Spirituality can be a tricky terrain to navigate. A lot of us have maybe had negative experiences with the idea of it from conventional religion, or just find the whole thing a little too “woo-woo.”
Considering spirituality in our everyday lives can also bring out one of our core human traits—vulnerability.
I think it’s largely because irony—something we value very highly these days in our art, media and humor—is lacking in spirituality. It’s not “cool” to believe in the Universe-with-a-capital-U. People can get very squeamish about being seen “falling for it,” believing that there is more to life than what we see in front of us, than what we can touch or explain with science.
Essentially: hipster, yes. Hippie, no.
I read a great quote recently that I think sums up my response to that:
“Your fear of looking stupid is holding you back.”
I think it’s important to not live at the extreme end of any ideology, not only because nothing is 100% but because it closes your mind to all of the possibilities in between. And that has nothing to do with what’s “right” or “wrong,” but what we can learn about ourselves and our relationships, how to interpret and understand our pain and how to better understand love.
I firmly believe in approaching life with a positive attitude, and that the energy you put out is returned to you. I have seen it and felt it in action, and I am by no means the first, last or only person to corroborate on this.
Do I believe that positive energy will cure cancer or that people in war-torn countries are bringing their plight on themselves because of negative attitudes? Of course not. I think life is much more complex than that. And at the end of the day, I can only truly speak to my own experience, to what I’ve found “works” for me.
For example, I don’t think The Secret is entirely accurate on its own, but I believe that it’s based on some really interesting ideas regarding the Law of Attraction. And beyond even any of the spiritual aspects of it, I think it provides some really smart, logical steps towards making good things happen in your life.
One of the key teachings around the Law of Attraction is the importance of having really clear intentions about your life. I’d venture to say that a lot of people don’t really know what they want. So even if you don’t believe the Law of Attraction exists, it’s hard to deny the importance of getting clear with your goals in life.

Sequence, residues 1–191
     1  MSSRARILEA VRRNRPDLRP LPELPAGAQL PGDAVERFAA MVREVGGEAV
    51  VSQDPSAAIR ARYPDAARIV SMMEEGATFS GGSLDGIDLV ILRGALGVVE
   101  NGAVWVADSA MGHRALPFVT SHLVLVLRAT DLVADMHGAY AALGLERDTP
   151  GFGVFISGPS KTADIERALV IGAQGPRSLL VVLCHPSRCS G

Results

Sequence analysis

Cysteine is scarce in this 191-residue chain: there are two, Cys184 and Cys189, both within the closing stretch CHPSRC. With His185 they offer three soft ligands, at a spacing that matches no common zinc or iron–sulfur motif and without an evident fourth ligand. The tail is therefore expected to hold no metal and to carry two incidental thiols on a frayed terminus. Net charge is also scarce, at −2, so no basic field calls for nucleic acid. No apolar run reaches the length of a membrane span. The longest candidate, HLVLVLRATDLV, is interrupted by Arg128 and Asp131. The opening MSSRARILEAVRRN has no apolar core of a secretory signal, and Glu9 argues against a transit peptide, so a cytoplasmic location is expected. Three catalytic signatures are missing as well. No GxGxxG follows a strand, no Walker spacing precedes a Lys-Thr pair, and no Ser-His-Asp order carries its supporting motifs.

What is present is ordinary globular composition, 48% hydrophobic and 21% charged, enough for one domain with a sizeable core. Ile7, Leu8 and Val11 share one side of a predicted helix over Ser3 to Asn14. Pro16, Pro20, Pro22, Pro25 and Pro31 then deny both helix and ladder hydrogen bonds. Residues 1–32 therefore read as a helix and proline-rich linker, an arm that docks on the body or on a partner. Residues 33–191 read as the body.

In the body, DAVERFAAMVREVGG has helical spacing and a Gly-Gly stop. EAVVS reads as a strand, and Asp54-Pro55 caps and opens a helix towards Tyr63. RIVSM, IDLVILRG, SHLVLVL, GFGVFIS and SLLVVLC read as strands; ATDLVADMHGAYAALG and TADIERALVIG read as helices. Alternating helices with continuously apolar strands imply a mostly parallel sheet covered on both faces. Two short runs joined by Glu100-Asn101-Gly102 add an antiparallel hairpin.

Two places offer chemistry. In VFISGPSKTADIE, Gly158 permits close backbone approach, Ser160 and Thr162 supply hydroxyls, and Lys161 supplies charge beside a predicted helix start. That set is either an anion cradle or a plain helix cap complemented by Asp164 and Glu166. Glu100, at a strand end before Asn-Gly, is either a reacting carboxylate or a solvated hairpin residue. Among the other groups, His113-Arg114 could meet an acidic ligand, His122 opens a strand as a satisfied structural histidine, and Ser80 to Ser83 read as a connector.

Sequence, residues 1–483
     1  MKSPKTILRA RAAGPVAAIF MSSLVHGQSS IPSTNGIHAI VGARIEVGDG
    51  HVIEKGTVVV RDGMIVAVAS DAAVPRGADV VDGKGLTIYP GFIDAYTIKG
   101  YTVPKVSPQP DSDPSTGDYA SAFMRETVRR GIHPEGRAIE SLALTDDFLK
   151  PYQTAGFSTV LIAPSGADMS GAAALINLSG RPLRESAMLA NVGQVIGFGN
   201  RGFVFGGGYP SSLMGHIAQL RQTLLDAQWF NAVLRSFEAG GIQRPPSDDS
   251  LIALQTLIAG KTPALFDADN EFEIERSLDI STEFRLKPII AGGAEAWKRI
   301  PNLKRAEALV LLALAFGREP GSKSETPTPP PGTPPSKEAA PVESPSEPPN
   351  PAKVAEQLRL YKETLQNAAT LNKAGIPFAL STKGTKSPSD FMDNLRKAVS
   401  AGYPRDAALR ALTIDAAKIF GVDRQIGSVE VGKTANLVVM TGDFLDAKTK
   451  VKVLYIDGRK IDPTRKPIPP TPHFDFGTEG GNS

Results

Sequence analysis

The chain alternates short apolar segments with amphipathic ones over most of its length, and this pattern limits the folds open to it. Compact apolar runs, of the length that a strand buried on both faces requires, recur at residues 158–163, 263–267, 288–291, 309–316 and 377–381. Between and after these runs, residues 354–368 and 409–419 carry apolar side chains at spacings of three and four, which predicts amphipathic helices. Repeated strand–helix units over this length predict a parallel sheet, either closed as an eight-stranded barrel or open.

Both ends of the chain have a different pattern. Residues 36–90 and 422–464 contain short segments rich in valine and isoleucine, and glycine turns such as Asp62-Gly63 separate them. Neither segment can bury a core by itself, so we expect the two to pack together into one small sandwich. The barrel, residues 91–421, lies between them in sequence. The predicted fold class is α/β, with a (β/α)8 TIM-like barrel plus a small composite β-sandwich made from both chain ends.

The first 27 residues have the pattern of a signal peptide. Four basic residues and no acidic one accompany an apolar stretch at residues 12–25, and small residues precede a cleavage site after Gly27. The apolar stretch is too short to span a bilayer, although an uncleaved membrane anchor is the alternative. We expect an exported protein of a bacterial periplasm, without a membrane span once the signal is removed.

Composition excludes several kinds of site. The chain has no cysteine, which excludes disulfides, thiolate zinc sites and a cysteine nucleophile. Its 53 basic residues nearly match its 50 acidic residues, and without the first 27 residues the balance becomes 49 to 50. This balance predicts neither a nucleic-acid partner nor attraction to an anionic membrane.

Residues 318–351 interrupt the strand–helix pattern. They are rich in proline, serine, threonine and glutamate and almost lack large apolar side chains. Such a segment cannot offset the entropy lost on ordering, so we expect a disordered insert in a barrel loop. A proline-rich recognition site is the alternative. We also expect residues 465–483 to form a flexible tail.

We know we want to be happy, we know we want to be “successful”—in whatever way we choose to define success—we know we want to feel good, or more accurately, better. But how do we attain that? What does the job or the relationship or the state of our physical and emotional health look like that will support us attaining that happiness or success?
You simply can’t sit in your present life situation and say, “I want more than this!” without having some idea of what “more” means. We may not always know how we’re going to get there—which is true about life in general—but knowing where we want our journey to take us is vital.
So people write out their intentions, they create vision boards, they meditate on a clear picture of what they’d like things to look like. They focus their energy towards the positive instead of dwelling on everything that’s not working.
If you’ve ever been in a job you just hated, then you know that sitting there stewing about how miserable it’s making you just compounds the misery. It just doesn’t do you any good! And what a hopeless way to live, right?
That’s largely why I’ve embraced a more spiritual view of life. I choose to believe that everything happens for a reason, that the Universe is listening, that the intentions I put out are returned in some way. Maybe not as I envisioned 100%, but again, nothing is 100%. It makes sense in my life, it explains a lot and it costs me nothing.
Yet what I’ve gained is immeasurable. Putting down the need for cautious skepticism and resisting the urge to turn my nose up at all of this in the name of being “cool” has made me so much happier, healthier and more at peace with my life than I could have imagined.
And while I can’t offer you any cold, hard evidence that what I believe is “real,” I also know I’m not striving for a cold, hard life.